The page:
In December, principals, board members, pastors and administrators of Catholic schools in the diocese met at the Buffalo Club for a presentation by Frank Donaldson, an expert on advancement and marketing of Catholic schools. Donaldson, a New Orleans resident and president of the Institute for School and Parish Development, spoke on "Philosophy, Fundamentals and Processes of Catholic School Development and Advancement."
Representatives of elementary and middle schools and the diocesan Office of Catholic Schools were in attendance, along with Bishop Richard J. Malone.
"Everywhere we have Catholic schools, we know the challenge of not only keeping the schools healthy, but helping them to flourish. That's my mantra - we want the schools to flourish. We don't want people to think about Catholic schools in the context of survival, right? But there are so many examples of that already in the Diocese of Buffalo, throughout Western New York," the bishop said. "Thank you for your leadership, day after day, whatever may be your particular role in the schools you represent."
"You're in for a treat today as you learn the ABCs of some marketing with Frank Donaldson," said Sister Carol Cimino, SSJ, superintendent of Catholic schools. "Bishop Malone has been a stalwart supporter of our efforts in the Office of Catholic Schools."
Donaldson noted that marketing, development and advancement for Catholic schools is not fundraising, but rather a way to involve people in these schools. "Our goal is to be able to sense the spiritual bonding of community, friendship and commitment. One of those results could be financial support," he said. "Catholic school development is not a win-lose situation. It really is a process of bringing Christ to people, and people to Christ."
Donaldson touched on a variety of topics from his book, "25 Lessons Learned in 25+ Years in Catholic School Development," to address the long-term stability of Catholic schools. As a former Catholic schoolteacher, principal and development director, he began the Institute for School and Parish Development in 1989.
"We want to talk about the importance of establishing and engaging culture, and we want to talk about the different roles of leadership - pastor, principal - and we want to talk about the importance of your 'wow' and how that ties into enrollment management," Donaldson said, using the word "wow" to refer to something that is unique to, and thus a strong marketing point for, a particular diocesan parish or school.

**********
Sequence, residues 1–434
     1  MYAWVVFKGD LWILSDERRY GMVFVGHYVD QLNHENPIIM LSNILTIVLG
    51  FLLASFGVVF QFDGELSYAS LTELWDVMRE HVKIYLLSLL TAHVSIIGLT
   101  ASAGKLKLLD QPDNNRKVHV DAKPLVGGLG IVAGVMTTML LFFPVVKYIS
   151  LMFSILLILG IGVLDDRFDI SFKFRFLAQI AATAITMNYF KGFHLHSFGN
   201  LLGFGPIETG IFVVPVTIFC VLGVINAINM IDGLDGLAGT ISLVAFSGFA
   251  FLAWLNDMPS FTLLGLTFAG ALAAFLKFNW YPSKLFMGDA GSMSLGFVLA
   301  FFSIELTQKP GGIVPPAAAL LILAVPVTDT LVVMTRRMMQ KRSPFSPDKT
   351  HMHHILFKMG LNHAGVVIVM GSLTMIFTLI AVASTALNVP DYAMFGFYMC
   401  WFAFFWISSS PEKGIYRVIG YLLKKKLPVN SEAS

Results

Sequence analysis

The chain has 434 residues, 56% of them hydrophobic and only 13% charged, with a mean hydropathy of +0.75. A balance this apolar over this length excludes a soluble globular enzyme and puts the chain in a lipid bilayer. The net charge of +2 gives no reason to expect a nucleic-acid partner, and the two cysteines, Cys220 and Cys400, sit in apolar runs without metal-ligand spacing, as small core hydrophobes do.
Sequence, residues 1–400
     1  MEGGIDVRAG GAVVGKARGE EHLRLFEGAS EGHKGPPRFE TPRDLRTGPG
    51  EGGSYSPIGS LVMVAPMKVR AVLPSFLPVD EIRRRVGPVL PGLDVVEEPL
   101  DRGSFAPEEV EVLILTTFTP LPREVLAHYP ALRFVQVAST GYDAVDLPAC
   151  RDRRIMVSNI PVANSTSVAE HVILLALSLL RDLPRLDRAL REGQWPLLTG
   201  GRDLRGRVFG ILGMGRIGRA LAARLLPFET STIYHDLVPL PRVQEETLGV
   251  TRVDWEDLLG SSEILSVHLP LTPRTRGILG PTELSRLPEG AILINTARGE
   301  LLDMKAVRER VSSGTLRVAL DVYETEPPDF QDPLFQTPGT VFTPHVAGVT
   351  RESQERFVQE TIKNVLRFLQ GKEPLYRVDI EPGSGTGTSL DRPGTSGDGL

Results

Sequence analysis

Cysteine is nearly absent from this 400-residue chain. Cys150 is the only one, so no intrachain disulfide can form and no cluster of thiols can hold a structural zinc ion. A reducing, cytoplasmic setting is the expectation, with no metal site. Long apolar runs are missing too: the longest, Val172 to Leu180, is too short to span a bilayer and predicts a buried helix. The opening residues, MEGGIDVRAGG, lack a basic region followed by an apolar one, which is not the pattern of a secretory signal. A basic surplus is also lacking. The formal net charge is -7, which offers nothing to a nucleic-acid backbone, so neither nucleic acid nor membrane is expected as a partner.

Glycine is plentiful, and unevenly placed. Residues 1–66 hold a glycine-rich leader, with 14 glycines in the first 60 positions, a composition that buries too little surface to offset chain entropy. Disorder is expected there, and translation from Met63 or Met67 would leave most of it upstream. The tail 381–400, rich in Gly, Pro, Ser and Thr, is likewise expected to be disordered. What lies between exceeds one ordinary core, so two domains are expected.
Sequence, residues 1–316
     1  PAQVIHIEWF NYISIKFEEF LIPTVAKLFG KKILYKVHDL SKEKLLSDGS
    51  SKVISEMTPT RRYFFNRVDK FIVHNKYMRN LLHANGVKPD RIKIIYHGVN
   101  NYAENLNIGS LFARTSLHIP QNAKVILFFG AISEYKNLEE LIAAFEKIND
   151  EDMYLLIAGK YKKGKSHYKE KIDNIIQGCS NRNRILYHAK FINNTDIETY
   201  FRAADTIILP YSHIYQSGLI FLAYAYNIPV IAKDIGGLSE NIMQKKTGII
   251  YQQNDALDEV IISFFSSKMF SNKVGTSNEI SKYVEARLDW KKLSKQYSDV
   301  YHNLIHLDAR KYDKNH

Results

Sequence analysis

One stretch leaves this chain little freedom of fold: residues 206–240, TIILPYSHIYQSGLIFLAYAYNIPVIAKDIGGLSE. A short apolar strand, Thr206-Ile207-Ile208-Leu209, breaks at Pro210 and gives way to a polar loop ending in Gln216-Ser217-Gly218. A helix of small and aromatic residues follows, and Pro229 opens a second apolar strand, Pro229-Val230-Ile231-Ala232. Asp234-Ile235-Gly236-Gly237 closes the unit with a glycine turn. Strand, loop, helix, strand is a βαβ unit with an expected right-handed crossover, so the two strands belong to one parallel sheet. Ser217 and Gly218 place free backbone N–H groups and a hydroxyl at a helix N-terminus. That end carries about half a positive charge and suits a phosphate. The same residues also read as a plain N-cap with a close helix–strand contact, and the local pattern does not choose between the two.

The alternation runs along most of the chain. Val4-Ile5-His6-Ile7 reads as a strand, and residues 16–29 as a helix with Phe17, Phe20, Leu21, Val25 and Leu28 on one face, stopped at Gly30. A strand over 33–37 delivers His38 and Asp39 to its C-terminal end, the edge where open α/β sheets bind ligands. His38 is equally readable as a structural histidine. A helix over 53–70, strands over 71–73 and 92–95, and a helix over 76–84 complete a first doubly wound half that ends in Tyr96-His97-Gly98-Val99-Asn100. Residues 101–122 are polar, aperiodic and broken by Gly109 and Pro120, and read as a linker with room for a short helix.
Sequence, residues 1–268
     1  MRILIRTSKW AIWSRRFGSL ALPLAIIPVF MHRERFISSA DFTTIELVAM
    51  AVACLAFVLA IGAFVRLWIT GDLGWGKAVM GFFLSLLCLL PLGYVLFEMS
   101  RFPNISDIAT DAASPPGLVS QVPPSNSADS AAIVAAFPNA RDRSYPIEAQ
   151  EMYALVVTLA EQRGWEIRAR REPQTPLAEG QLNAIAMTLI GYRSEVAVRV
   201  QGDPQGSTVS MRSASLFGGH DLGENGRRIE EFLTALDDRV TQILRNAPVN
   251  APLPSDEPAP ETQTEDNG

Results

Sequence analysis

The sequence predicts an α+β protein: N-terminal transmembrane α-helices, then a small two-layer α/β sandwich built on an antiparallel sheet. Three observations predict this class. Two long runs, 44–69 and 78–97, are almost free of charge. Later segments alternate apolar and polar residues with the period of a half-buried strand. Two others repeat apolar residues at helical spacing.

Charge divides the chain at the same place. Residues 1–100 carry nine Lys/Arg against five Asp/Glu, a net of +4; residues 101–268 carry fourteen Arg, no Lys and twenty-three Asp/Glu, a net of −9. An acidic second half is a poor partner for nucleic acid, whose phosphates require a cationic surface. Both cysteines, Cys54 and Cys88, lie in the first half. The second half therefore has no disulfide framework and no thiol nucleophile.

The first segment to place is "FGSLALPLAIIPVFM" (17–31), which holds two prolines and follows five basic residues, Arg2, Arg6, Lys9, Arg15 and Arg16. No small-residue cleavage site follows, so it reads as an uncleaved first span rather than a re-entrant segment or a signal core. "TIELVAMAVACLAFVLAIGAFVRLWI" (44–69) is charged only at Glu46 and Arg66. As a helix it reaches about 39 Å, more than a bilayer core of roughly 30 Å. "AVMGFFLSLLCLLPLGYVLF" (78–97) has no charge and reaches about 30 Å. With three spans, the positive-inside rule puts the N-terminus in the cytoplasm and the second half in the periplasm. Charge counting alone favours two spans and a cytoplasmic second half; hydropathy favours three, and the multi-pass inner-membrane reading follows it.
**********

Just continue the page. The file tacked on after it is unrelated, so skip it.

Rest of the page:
According to Donaldson, a thriving school depends on updating marketing and fundraising to meet the needs of the 21st century, rather than relying on the same fundraisers a parish or school has already used for many years. Since in his more than 25 years of working in advancement of Catholic schools, enrollment and church participation have gone down, methods must change.
"We call it the seven 'I' approach," he remarked, asking school leaders to identify a vision and gifts of individual people, look at how a school informs others about itself, invite community members, encourage parishioners to invest in the school and involve themselves, implement plans and work with others to improve the school. Donaldson ended his lecture with a workshop asking attendees to brainstorm ideas, followed by a question-and-answer session.
Virginia Wallace, community relations coordinator for the Catholic Schools office, called the workshop an "extraordinary opportunity" for the leadership in attendance. Wallace is participating in a 12-month series of webinars based on Donaldson's book.
"He's very methodical and very specific, and he speaks in language that's easy to understand. He's been in so many different circumstances, and he's helped people get through so many different circumstances that there's probably no question somebody could ask him that he hasn't already had an experience with," Wallace commented of Donaldson.